Date of Award

Spring 1-1-2017

Document Type


Degree Name

Doctor of Philosophy (PhD)

First Advisor

Richard Regueiro

Second Advisor

Ronald Pak

Third Advisor

Rebecca Brannon

Fourth Advisor

Hongbing Lu

Fifth Advisor

Jeong-Hoon Song


The behavior of soils is fundamentally the combined interactions between billions and billions of individual particles and particle matrices. For computational tractability and despite this fact, many soil models assume the material is a continuum essentially averaging the inter-particle interactions to predict the behavior of the bulk material. In recent years, multiscale modeling techniques have been developed to reintroduce the effect of the grain-scale interactions to help model situations where the continuum assumption fails, such as shear band development in triaxial tests or soil disaggregation under blast loading. One of such multiscale models called hierarchical upscaling, or global-local analysis, model the problem domain using typical continuum-based approaches, but replace the continuum constitutive model with grain-scale models that represent the microstructure at the given point. The deformation of the material is solved via the continuum-scale boundary value problem, which is then passed to the grain-scale as boundary conditions on these representative volume elements (RVEs). The RVEs are then allowed to deform, and the resulting stress is passed back to the continuum scale.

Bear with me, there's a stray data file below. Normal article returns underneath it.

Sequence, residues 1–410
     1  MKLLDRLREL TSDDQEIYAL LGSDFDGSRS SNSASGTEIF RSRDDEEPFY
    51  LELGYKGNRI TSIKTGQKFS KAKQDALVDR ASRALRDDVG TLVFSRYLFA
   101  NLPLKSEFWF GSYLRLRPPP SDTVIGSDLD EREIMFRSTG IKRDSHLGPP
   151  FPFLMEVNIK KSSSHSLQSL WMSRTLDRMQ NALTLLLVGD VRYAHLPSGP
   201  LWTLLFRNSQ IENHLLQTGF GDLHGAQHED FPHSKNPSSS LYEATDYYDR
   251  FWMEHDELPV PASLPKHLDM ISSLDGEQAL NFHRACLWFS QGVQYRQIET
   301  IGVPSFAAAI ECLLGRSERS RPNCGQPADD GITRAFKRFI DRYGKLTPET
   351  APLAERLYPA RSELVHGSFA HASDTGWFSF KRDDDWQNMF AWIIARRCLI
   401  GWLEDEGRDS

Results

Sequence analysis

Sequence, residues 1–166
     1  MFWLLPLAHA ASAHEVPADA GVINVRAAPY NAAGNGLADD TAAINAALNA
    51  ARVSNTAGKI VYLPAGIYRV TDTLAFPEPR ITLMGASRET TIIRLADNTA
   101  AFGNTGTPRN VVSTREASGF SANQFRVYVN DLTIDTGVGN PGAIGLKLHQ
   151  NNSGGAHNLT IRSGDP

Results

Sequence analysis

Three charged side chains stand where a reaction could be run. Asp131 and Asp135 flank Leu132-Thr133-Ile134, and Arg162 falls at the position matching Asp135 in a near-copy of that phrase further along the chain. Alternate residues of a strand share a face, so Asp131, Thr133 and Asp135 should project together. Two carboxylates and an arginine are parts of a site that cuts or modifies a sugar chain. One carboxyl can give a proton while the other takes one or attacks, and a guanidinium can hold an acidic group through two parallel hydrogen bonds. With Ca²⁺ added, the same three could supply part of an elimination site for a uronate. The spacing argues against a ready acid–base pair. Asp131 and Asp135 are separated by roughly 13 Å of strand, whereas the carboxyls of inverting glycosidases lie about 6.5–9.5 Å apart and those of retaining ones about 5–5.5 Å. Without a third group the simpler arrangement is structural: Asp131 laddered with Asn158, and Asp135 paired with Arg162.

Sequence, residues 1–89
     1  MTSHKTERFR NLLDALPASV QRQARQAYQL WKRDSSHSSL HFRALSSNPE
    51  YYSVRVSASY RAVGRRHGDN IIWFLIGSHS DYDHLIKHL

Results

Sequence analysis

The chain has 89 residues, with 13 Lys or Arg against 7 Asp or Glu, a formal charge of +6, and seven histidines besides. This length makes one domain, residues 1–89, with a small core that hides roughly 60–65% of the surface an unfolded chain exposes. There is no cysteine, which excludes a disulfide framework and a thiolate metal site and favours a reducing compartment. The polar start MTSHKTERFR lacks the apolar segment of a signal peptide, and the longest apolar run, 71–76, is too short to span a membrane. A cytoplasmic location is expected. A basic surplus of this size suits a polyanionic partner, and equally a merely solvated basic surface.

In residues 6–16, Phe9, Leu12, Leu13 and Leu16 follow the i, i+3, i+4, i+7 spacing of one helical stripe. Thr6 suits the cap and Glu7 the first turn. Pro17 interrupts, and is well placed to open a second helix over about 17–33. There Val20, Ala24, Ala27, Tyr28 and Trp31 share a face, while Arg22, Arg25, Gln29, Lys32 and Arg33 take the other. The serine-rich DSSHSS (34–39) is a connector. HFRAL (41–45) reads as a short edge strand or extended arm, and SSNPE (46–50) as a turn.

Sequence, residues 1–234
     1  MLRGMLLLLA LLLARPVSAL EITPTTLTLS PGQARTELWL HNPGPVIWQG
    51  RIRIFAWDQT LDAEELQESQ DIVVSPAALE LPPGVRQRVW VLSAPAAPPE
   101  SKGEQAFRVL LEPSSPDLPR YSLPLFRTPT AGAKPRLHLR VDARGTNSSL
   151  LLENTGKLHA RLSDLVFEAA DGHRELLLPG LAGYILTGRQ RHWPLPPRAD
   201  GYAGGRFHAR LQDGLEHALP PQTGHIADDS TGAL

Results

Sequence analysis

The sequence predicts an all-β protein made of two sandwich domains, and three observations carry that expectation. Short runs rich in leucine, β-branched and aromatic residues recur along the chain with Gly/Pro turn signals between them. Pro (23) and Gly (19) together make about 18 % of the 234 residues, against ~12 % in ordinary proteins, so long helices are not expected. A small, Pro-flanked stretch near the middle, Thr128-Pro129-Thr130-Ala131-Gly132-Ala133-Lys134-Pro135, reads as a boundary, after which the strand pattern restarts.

Three hierarchical multiscale models were developed to model a series of experimental results on dry Colorado Mason Sand. In all three models, the grain-scale was modeled using the discrete element method through a code called ellip3D. Ellip3D models of dry Colorado Mason Sand were integrated with three continuum models: a one dimensional, finite strain finite element model with full dynamics (1D FEM-DEM model), a one dimensional material point method implementation (1D MPM-DEM model), and a two dimensional, small strain, axisymmetric finite element model (2Daxi FEM-DEM model). The one dimensional models were used to model a split Hopkinson pressure bar test and the two dimensional model was used to model two triaxial tests. With the inclusion of a particle fracture model, the results of the split Hopkinson pressure bar experiment were reasonably well replicated; however, the 2Daxi FEM-DEM model over-predicts the stress response of the triaxial tests. Regardless, to the author's knowledge, the results herein presented are the first attempt to directly compare FEM-DEM global-local analysis models to experimental data. Also, the MPM-DEM implementation is a novel extension of other FEM-DEM models to a meshfree numerical methods.